The anterior and posterior nares of the nose are correctly called kung (F), but if these be correct what of the nasal fossae, which are called right and left holes of the nose, the same word kung being employed. This word kung seems rather out of place for cavities and some distinction should have been made. The ciliary processes of the eye are correctly enough yen wen (), but why has the same style of nomenclature not been carried out in the Chinese as in the English? Opposite the two terms ciliary ligament and ciliary muscle, we have simply eye ligament and eye muscle. But the eye has other ligaments and other muscles-we therefore desiderate something distinctive. The word ching () is used instead of yen (R) eye to denote these, as probably standing in some close relation to the lens which is called ching chu(), but this will hardly hold, for the whole eye is called yen ching and the Chinese are entirely ignorant of the lens. The same difficulty precisely is experienced in ciliary artery and ciliary nerves, the word for ciliary in no case being given. Lei kwan kow (*) is given for lachrymal papilla, which denotes rather the orifices of the

lachrymal canals and are called puncta lachrymalia. The papilla is the elevated part, at the summit of which the canals commence. A mouth cannot be at one and the same time a papilla. One would ex

pect to find this term, moreover, under lachrymal apparatus and not under appendages of the eye. In naming the Meibomian glands there is the use of one character wan () which denotes the wrist. The character most probably intended was pau ().

The word lei kuran () is given for lachrymal canal and the ducts leading from the gland to the eye are altogether ignored. I should have preferred to have called these, the kwan, to have kept up the uniformity with the ducts of glands elsewhere and adopted tao or lu for the canals, which carry off the tears from the eye to the lachrymal sac. The nasal duct is called tsung lei kwan (). The term tsung here is not happy; it does not indicate the vessel, the result of the junction of the superior and inferior canal, which enter the sac, and as the vessels from both eyes do not join, it is therefore in no sense tsung general or common. It should have been called the nasal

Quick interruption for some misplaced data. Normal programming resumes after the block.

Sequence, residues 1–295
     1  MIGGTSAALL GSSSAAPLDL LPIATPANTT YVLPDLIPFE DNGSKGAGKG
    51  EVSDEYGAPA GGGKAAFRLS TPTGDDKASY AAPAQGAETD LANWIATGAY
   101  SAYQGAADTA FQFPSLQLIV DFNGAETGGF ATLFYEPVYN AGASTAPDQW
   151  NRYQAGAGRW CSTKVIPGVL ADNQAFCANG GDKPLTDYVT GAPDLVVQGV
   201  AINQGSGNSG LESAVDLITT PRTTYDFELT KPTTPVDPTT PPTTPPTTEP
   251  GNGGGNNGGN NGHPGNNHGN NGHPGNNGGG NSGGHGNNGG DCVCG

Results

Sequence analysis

(lachrymal) duct pi lei kwan (ART).

The auditory canal is called simply (H) ear vessel. The addition of ting() to hear would have made it clearer. Kwan is used in anatomy so generally for blood vessels, that there is apt to be some confusion. The same objection exists to rh moh (H) ear membrane. The addition of tympanum, or drum, or middle ear membrane would have vastly improved it. The cavity of the tympanum is called chung rh fang (†) a term good in itself and easily understood; but possibly the term chiau () already in use would have been preferable. The helix is called rh lien (H). The common expression here is lun () and I observe the Japanese have adopted the same term.

I had intended to have continued this series of articles, criticising further the nomenclature of this Vocabulary, of which there is matter already prepared, but as the subject is not interesting to the general reader and my motives are likely to be misunderstood and misconstrued, I desist at present from further criticism. If necessary it can be renewed at a future time. This article was intended to have formed the sequel to the last, so as to have brought this Review to a speedy close, but it arrived too late and was thus crowded out. In conclusion I ought to say, that I have derived considerable help from this Vocabulary in the formation of one of my own.


Translated from the First Volume of Baron von Richthoven's “China.”